Psychological Self-Help

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many things we could do ourselves (Lederer, 1961). Of course, we are
dependent. So what? 
If an 18-year-old becomes so homesick he/she can't leave home,
that's a problem. If a 16-year-old can't fix his/her own meals and do
his/her own laundry, that's a problem. If a 14-year-old has to be
socializing all the time, that's a problem. If a 20-year-old can't find the
time to follow politics and vote intelligently, that's a problem. If an
adult isn't capable of being self-sufficient if he/she were suddenly on
his/her own, that's a problem. If a lover feels he/she couldn't live or
"wouldn't know what to do" without his/her partner, that's a problem.
There are lots of ways of being dependent, some good and some bad. 
Now, let's explore some specific ways we are dependent, i.e. by
being overly conforming, compliant, or obedient, and see how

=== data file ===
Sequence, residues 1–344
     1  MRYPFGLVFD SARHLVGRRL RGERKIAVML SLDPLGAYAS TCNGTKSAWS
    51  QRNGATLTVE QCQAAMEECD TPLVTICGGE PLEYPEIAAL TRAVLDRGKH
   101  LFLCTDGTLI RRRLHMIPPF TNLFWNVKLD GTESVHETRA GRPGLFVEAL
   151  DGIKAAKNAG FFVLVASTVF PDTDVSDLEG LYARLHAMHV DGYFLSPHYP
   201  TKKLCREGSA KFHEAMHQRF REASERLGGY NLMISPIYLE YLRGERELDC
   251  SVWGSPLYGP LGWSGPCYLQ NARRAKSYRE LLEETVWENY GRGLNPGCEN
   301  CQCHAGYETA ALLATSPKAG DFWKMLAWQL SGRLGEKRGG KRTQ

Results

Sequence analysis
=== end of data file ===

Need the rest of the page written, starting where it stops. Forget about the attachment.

dependent we are. 
Conformity
If you look at how similarly we dress and fix our hair, you'd have
to say we are almost all conformists. Consider the few males who wear
skirts, aren't they considered weird? Being considered odd is such
powerful social pressure that few of us males would think of wearing a
skirt, even as a Halloween costume. You might say, "So what? It's a
trivial matter." Better think again. Wolf (1990) says women are
"prisoners of impossible standards of beauty." American men and
women spend billions and billions for stylish clothes, cosmetics, hair
stylists, new model cars, fashionable houses and so on. Being "out of
style" is socially unacceptable, like men wearing skirts. Part of the
motive is to gain status by following new trends. Part of the motive is
simply self-aggrandizement; thus, American women spend more on
beauty and fitness aids than on social services and education (Rodin,
1992). There are better uses for the money spent on status and the
self. 
He tried to be somebody by trying to be like everybody, which makes him a nobody.
Research findings also suggest we are very eager to please others
by conforming. A famous experiment, involving easy judgments about
the length of lines, by Solomon Asch (1958) found that almost 75% of
the people tested gave at least one wrong answer in order to agree
with others (who were confederates of the experimenter and
intentionally gave wrong answers). The typical subject gave the wrong
answer in order to conform with the group opinion about one-third of
the time. 
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